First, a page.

Iain Duncan Smith's Department for Work and Pensions is on the verge of a "meltdown" over its three major benefits programmes, warned Margaret Hodge, chair of Parliament's spending watchdog.
The public accounts committee chairwoman singled out the DWP as a department struggling to deliver its major benefits programs like Universal Credit, the Work Programme and the personal independence payment (PIP), a replacement for the disability living allowance.
"All their programmes are on the verge of meltdown," Hodge warned, at a briefing to launch a damning report on government contracts with private providers.
She went on: "Time and again when we see failures ... it's a failure of government to manage contracts", adding that departments "simply have to up their game and get a grip".
The Public Accounts Committee said there was "significant scope for improvement" and a need for a more professional approach to managing contracts.
The government spends £187 billion on goods and services with third parties every year, with half of it contracted out.
Hodge said: "Private provision of public services has become big business, with half of all public spending on goods and services going to private providers of contracted-out services.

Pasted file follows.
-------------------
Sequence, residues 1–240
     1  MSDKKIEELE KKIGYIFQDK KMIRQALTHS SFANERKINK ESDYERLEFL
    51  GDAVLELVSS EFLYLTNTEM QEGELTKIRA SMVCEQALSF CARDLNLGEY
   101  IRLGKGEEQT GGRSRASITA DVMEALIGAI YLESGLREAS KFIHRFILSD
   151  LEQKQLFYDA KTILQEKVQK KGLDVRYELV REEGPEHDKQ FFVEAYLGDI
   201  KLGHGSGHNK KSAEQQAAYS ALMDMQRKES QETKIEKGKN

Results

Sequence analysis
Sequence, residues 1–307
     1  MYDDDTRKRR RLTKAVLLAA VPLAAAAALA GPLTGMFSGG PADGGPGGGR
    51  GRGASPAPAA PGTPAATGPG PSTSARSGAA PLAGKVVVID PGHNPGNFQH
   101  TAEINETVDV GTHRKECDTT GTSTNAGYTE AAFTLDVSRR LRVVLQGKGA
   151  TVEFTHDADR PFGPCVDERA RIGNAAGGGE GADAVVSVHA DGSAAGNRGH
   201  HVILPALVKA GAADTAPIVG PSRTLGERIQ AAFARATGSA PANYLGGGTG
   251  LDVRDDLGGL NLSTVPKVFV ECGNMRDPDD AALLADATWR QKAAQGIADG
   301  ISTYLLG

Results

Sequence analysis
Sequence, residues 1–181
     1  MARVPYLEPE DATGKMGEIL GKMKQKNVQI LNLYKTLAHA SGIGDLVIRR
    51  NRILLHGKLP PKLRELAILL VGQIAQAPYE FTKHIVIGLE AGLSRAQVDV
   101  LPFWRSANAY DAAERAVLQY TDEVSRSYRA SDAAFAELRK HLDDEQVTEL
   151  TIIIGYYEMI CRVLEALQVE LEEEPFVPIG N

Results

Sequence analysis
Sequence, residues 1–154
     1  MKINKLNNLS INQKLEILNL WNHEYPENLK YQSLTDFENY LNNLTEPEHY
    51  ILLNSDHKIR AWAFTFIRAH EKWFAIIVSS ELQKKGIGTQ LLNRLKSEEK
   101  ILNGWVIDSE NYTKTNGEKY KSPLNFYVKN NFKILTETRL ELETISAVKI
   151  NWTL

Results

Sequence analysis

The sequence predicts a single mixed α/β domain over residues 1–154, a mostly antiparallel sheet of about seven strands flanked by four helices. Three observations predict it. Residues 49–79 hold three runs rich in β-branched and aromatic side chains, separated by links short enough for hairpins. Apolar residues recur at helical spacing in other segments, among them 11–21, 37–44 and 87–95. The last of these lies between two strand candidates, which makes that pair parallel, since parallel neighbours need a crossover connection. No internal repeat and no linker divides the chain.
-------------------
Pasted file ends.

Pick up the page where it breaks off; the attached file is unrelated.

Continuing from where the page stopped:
"We believe Government needs to urgently get its house in order so that this expenditure is properly open to public scrutiny, and that measures are put in place which will improve services and secure a better deal for the taxpayer.
"Recent scandals illustrate the failure of some contractors to live up to expected standards. These include the astonishing news that G4S and Serco had been overcharging the Ministry of Justice on their electronic tagging contracts for eight years, including claiming for ex-offenders who had actually died, and the complete hash that G4S made of supplying security guards for the Olympics.
"These failures have also exposed serious weaknesses in the Government's ability to negotiate and manage contracts with private companies on our behalf.
"We looked at Serco's misreporting of the performance of its out-of-hours GP services in Cornwall, where the contract was so poorly written that not only did Serco not lose the contract, but they continued to receive bonus payments. When Capita failed to fulfil its contract to provide court translation services it was fined a mere £2,200, despite the substantial extra costs to the criminal justice system of delayed trials.
"There is a lack of transparency and openness around Government's contracts with private providers, with 'commercial confidentiality' frequently invoked as an excuse to withhold information."
A DWP spokesperson said: "This department has a track record of delivery. We've already successfully launched the Benefit Cap, Universal Credit and the new Personal Independence Payment. The industry tells us that the Work Programme has got almost 500,000 of the hardest to help into jobs. We are bringing in our reforms safely and responsibly."